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Could current oil prices be the new normal?

Dr. John C. Hulsman

Published: Updated:

True to form, no sooner have sanctions been lifted then Tehran has moved to decisively ramp up energy production, the lifeblood of its struggling economy.

While it will take some months for the Islamic Republic to meet its ambitious goal of increasing oil production by 500,000 barrels per day (bpd), there is little doubt that it will eventually get there, further exacerbating the present over-supply of energy that has so dramatically driven world-wide prices down.

In June 2014 oil stood at $120 a barrel; today the price stands at around $30 a barrel, a precipitous tumble of some 70 percent.

Iran’s latest energy gambit must be seen in the larger context of what is going on in the world’s energy market, and especially, what is driving prices down to unheard-of levels, and what is keeping them there. We can start and easily dispense with the important demand side of the equation.

There is little doubt that American hedge funds would step in and buy up smaller energy companies bankrupted by the Rockefeller strategy

Dr. John C. Hulsman

Apart from booming India, and just possibly China, increased demand simply isn’t on the cards anywhere else in the world. Muted demand would be a challenge to global oil producers, even apart from what is happening on the wild and woolly supply side.

Saudi Arabia, as the swing producer in OPEC, have forthrightly embarked upon what I call the John D. Rockefeller strategy in energy markets. To see off growing competition, especially from the U.S. shale revolution, Riyadh has acted much as the great 19th century American oil tycoon so often did.

Rockefeller would increase his oil production, even enduring significant medium-term economic pain for his company as a result, all to know he could drive his erstwhile competitors out of business, thereby preserving market share.

As Saudi Arabia possesses one of the world’s largest capital reserves, and as high-grade oil can be brought to market from the country more cheaply than almost anywhere, a sustained attack on medium-price producers like the emerging American shale industry makes a great deal of sense, on the surface.

Protecting market share

As such – and despite howls of protest from far more inefficient energy producers like Venezuela – OPEC has yet to blink, maintaining production at near record levels. With tensions between Tehran and Riyadh at their highest in decades, there is virtually no chance that OPEC will agree on meaningful production cuts anytime in the near future.

But if OPEC isn’t blinking, shale isn’t wilting. Despite a sharp fall over 2015 in the number of rigs in use – due to the Saudi Rockefeller strategy – the U.S. managed to sustain production of 9 million bpd over the course of the year. The simple reason for this is that shale drilling has become more efficient as engineers learn how to better work with the new technologies that surround the industry.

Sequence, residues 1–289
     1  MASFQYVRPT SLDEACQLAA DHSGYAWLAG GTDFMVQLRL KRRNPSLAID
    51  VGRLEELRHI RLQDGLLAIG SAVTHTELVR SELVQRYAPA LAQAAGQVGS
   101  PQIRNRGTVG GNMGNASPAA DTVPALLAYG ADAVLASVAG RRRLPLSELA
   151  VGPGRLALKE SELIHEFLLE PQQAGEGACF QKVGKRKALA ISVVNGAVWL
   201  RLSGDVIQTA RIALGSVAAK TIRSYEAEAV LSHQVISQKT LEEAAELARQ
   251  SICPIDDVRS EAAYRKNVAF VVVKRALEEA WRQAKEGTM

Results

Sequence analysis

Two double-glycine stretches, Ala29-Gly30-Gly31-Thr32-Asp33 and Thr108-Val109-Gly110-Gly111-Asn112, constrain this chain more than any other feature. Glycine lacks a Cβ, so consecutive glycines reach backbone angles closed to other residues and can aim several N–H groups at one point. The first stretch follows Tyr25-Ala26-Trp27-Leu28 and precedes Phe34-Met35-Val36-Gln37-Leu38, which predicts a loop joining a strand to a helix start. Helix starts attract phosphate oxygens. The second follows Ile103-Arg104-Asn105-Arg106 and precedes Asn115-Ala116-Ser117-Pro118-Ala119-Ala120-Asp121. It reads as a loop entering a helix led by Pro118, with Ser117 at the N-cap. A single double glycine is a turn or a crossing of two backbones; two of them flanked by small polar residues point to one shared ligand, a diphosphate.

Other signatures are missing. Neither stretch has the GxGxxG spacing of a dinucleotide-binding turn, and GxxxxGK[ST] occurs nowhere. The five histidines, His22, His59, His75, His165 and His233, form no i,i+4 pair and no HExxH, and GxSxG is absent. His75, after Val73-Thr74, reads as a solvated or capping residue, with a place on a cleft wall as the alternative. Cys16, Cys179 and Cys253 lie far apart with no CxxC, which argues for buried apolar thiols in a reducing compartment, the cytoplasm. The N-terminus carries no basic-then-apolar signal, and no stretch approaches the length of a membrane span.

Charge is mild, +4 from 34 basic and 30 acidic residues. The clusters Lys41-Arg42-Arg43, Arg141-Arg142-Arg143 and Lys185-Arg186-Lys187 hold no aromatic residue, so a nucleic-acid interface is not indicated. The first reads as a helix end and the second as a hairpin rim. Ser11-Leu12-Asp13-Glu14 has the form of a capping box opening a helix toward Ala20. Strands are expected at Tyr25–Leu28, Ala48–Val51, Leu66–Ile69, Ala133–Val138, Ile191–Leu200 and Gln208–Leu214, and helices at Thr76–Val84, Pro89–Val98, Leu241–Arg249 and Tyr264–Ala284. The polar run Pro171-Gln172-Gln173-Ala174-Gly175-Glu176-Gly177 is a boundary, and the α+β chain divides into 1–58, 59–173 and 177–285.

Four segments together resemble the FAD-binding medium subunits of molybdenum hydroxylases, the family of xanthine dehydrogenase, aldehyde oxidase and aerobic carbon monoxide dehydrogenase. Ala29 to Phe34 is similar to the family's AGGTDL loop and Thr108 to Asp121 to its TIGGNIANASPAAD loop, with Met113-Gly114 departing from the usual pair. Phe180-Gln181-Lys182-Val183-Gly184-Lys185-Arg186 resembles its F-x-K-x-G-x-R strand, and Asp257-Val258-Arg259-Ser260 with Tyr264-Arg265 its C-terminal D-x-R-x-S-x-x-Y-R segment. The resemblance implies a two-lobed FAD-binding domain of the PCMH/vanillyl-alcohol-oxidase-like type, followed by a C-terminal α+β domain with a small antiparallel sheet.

It is now estimated that shale drilling is still economical even when the price hits $50 a barrel, a marked improvement in its performance, if still not as economical as Saudi Arabia’s drilling. The other major advantage of shale is that its rigs can be turned on and off like a water tap, and are thus far more price sensitive than the fixed rigs that dominate energy production in the rest of the world.

Because of this, American production can nimbly ebb and flow. So even if the Saudis win their Rockefeller strategy, and drive shale producers to cap their rigs due to the low price over time, as the price then invariably begins to rise, shale will quickly come back on-line. In essence, the shale revolution has put a permanent influence over oil prices.

Further, even if shale companies are driven out of business that is no real hardship for the industry as a whole. The entire history of American wildcatting in the energy industry is about companies dramatically rising and falling, with the inherent value of oil meaning there were always corporate giants ready and eager to take their place.

In this case, there is little doubt that American hedge funds – some of whom have already evinced an interest – would step in and buy up smaller energy companies bankrupted by the Rockefeller strategy on the cheap, waiting to cash in as the price rises. American energy production is largely in private hands, which means that there is always another company ready to step into the energy market.

New normal?

Given all this evidence, there is little doubt that energy prices will remain low, well into the medium term. Global demand is slowing and (barring India) there are no obvious bright spots ahead to power increased energy consumption.

OPEC members are now intent on pursuing their strategy. Iran is coming back online. Shale is not wilting, and is generally proving surprisingly resurgent. All this definitively means that low oil prices are now becoming the new normal.

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Dr. John C. Hulsman is the President and Co-Founder of John C. Hulsman Enterprises (www.john-hulsman.com), a successful global political risk consulting firm. An eminent foreign policy expert, John is the senior columnist for City AM, the newspaper of the city of London. Hulsman is a Life Member of the Council on Foreign Relations. The author of all or part of 11 books, Hulsman has given 1500 interviews, written over 510 articles, prepared over 1280 briefings, and delivered more than 470 speeches on foreign policy around the world.

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